Well, after a night's sleep, I can say that I feel a little better. I feel less achy, and my throat is less sore. I was able to breathe through one nostril a little better, although as I've been up for about a half hour now, it's start to close back up. I'm going to give the practice swim a go in a couple of hours, get in a short run, and then chill out hard the rest of the day.
The other day I was clicking around and came across a few articles of interest.
Man Sails Around World to Decrease Awareness It's an Onion article, I just found it funny because it's what we joke about all the time.
Then of course, since it's still on my mind, Save MD Men's Track! There has been an outpouring of support from across the country, from teams to professionals, everybody's signing the petition to help save Maryland Athletics. Did you know that the track team is actually self-sustaining? In other words, it doesn't lose money, unlike some other sports we know...
Here is a good article from the Washington Examiner (ha, yeah) about the legacy of Maryland Men's Track and Field.
And, in case you wanted to read the president's report on the issue at hand...
But, onto more important things, specifically now, the race at hand. I like reading race reports, and particularly appreciate when they are honest, or I find them applicable. Pete Jacobs, recently 2nd place at Kona, provided some great insight into how he races. As we all know by now, I am not very technological. Don't know much about bikes, don't use HRM, don't use power, haven't even had a computer on either of my bikes in at least 3 years. I simply wear a watch to have an idea of where I am timewise, to help remind myself to eat or drink, and maybe get an idea of how fast I'm going. But in the end, you can only go as fast as you can go.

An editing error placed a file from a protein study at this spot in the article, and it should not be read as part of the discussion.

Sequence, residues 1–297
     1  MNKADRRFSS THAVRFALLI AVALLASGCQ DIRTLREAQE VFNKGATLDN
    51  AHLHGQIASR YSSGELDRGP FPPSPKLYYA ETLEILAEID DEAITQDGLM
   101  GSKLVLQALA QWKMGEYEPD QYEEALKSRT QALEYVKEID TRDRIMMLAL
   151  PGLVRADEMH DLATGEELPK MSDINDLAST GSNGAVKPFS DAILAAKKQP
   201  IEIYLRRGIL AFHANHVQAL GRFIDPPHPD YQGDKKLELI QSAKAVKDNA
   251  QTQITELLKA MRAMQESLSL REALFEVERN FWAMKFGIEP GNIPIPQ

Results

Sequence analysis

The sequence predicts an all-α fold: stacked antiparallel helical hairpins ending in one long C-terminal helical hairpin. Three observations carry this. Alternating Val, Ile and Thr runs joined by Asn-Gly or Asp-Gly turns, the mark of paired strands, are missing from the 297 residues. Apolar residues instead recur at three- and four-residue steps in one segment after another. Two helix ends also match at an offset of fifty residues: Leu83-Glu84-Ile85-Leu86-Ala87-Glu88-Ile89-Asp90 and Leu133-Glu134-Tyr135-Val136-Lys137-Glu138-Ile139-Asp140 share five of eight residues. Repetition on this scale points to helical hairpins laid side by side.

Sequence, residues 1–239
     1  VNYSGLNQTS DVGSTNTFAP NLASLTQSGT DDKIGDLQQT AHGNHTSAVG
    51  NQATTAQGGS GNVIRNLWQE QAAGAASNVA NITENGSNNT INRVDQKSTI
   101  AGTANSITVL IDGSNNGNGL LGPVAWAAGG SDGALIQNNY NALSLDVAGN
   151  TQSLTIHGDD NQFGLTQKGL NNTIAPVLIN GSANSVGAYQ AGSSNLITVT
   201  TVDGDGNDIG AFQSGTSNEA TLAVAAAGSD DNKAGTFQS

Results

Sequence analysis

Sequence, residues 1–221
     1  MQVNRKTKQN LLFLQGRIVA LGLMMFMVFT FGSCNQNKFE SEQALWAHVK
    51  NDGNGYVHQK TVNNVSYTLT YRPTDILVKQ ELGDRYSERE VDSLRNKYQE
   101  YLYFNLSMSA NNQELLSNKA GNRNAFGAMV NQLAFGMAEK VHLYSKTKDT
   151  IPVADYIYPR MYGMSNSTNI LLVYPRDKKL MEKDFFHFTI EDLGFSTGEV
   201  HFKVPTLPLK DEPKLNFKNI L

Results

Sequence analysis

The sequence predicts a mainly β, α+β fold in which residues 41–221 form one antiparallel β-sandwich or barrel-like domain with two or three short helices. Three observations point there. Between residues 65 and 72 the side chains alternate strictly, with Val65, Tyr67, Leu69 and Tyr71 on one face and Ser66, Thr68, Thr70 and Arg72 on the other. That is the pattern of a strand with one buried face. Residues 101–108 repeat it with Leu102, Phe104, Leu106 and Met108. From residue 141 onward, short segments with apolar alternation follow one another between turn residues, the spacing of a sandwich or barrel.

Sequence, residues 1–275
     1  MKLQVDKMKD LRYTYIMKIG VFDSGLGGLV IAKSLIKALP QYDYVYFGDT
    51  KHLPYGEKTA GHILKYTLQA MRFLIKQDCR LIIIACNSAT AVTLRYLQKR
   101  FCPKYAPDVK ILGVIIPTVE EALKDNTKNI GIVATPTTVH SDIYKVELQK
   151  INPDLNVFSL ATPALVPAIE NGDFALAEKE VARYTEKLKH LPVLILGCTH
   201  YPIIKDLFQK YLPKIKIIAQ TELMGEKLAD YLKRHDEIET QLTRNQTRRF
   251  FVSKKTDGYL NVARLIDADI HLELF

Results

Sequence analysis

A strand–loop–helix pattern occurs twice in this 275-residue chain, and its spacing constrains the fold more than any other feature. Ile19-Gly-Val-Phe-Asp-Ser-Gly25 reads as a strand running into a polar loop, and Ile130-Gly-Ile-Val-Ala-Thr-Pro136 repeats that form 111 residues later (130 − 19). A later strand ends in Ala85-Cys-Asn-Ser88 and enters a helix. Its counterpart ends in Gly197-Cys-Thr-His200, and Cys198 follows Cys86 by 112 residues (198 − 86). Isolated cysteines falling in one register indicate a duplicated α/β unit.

There is always a point, especially during an ironman, but potentially in any distance race, where you think all is lost and you may as well quit. I imagine that for pros, this is an even tougher reality, because this is their livelihood. If they don't place, they don't win money. If they drop out, maybe they can save it for another day. If you look at tomorrow's pro field here at Ironman Arizona, it's one of the top fields of any IM race this year, and the pattern is the same: "I didn't have a great race at Kona, so I decided to salvage my season/capitalize on fitness/earn some points by racing AZ." And why not? The 6 weeks or so in between the two is enough for a professional to break it down and build it back up, and what else are they going to race, right?
Anyway, Pete Jacobs once again ran the fastest split of the day on the Big Island, and I was surprised to read that he doesn't wear a watch. I would like to get to that point, but for now I think I need to at least wear a watch on the bike and run, so that I can put a time with an effort.
My final article is from Jorge Torres, former CU Buff and pro runner, who, along with his twin brother used to rip it up. Jorge was hit by a car while in Ireland for a race, and got pretty mangled - not bad enough to cause him life-threatening injuries, but bad enough to keep him out of the 2012 Olympic Trials (marathon). He vows to come back. Sounds familiar! I wish him the best on his journey, and I'll draw some inspiration from it myself.
Might check back in later, but if not, I'll try to get some words up following the race!